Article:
A store of village values

The inspirational tale of how a shop and Post Office has rekindled a community.

Jenny Kerry and Vern Tyerman laugh when I ask if they’d considered going into politics, but the question is seriously meant. We are sipping lattes in the airy café of Chale Green Stores, once a struggling village shop and Post Office. What they have created is a testament to their commitment to the whole principle of village life.

“The current government on the Island basically wants to urbanise us and make us just like the mainland,” says Vern. “There’s very little representation for villages.”

It is a little surprising to hear such commitment to Isle of Wight village life expressed in the rich and rolling tones of a USA accent. Vern was born in London but partly raised in the US, and Jenny, an Islander whose own accent betrays a life of travel, retired to the Island in 2000. Fixing on Chale, they found the village shop was ailing and threatened with closure. “We feared that with no shop this would become just another dormitory village, so we felt a great inspiration to create a viable business,” explains Jenny. The result is more than just a shop and Post Office, more in fact than the café and deli. What Vern and Jenny have created is a community centre, where people meet and chat while buying their daily necessities.

They had no financial help, and while Vern insists he didn’t want it to be any kind of charity operation, he questions the number of grant-aided farm shops which have sprung up. “Grants may have  enticed some people into the market who are not able to sustain what they started.” He wishes that instead of financial help for producers to sell their own foods, there could be more encouragement of new and different products which Chale Green, with its commitment to quality produce, could sell.

Jenny explains how it soon became clear that just restoring the shop wasn’t going to be enough. “Because we’re in a very small village we need to entice people from further afield. So that’s where the deli and the café idea sprang from.”

The possibility of the village losing the fight to save Chale School made the couple more determined to push ahead with their plans to create a centre point for the community. Their international outlook – their ‘yes we can’ approach – was crucial, for neither had a background in grocery. They experienced unforeseen difficulties with staffing and their determination to build environmentally sensitively added to the pressure.

But it is clear, as soon as you walk through the green-stained and glass door that they achieved their objective. Welcoming and elegant, its stock is both prosaic – tins of beans and calor gaz – and luxurious – preserves and discerning ingredients which wouldn’t disgrace an upmarket grocer anywhere in the country. “People walk in and say ‘wow’, which makes it all worth while,” smiles Jenny. There are fresh and frozen foods, and because it is independent they have the flexibility to cope with seasonal flux. “Sometimes villagers might bring us a load of, say, gooseberries they’ve just picked from their garden, and usually we can use them and work out a price.”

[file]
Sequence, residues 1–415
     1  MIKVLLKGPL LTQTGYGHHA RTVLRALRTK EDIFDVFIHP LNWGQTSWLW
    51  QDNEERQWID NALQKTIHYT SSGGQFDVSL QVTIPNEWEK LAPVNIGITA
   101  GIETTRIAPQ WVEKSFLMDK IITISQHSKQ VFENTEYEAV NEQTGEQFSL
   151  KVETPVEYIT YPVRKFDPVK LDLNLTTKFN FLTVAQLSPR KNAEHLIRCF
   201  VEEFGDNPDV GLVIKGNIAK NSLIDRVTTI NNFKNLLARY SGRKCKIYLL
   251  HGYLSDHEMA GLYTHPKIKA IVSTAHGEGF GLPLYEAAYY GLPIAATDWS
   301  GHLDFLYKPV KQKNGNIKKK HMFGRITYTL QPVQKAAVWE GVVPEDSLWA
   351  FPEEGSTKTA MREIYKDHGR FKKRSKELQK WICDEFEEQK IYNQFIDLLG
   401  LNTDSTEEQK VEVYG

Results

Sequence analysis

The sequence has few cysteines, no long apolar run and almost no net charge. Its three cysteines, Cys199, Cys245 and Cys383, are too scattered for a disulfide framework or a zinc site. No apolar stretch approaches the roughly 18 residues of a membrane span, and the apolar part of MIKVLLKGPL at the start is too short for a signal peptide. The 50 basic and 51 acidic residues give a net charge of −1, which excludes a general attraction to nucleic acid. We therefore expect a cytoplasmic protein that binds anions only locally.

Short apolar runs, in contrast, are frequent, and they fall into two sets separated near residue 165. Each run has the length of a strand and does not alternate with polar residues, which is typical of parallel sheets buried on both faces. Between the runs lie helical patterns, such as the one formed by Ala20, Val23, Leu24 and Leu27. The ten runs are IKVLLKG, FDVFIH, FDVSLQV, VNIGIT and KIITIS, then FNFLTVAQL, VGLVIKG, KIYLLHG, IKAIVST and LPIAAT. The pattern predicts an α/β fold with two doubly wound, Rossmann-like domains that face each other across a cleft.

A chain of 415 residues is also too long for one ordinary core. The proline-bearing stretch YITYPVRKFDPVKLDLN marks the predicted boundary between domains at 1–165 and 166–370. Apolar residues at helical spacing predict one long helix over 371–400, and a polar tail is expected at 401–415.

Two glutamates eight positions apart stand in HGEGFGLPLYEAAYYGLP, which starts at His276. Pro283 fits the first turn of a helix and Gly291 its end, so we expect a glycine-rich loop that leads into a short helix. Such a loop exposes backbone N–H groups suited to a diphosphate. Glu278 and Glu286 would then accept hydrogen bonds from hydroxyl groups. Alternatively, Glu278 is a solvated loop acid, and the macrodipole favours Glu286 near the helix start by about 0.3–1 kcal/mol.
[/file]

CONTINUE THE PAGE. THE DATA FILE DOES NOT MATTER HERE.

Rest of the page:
The deli and café complement the shop by using much of its produce. But the Kerry Tyermans are never content to just let things tick along, and while off-licences have closed across the Island, Vern is ready to fill the gap, not just by increasing his stock of interesting wines but by training his staff so they can offer advice to customers. Wine tastings and dinners for locals mark the difference between the tourist season and the time for Islanders.

“We strive to be at the hub of the community, a meeting place. Our local community police officer has a regular surgery here – he sits at a table, and invites people to drop in and discuss their concerns.”

Right on cue a man from South Wight Housing tells Vern he is bringing a team of environmentalists in for lunch. The building is an inspiration to many in search of alternative energy sources: its heat comes from ground-sourced recovery, it has a rainwater recovery system for the toilet flush, and its light is supplemented from light tunnels in the ceiling. They are even about to launch an incentive scheme to encourage the reuse of shopping bags.

Being the essence of village life means the shop staff must be interested in their customers, as in villages stores of old. “This is the site of the very first Post Office in Chale, and whoever was serving in the shop could listen in to all the gossip! We like our staff to take time to chat to the customers, and for the customers to browse. That’s another difference between us and a supermarket, we don’t time the throughput on the till – though we can always open up another one if necessary.”

Mention of supermarkets inevitably raises the arrival of Waitrose on the Island: Vern and Jenny are unexpectedly relaxed. “Bringing a culture of good food creates a demand for good food. We’re here, and people don’t need to cross the Island for it.”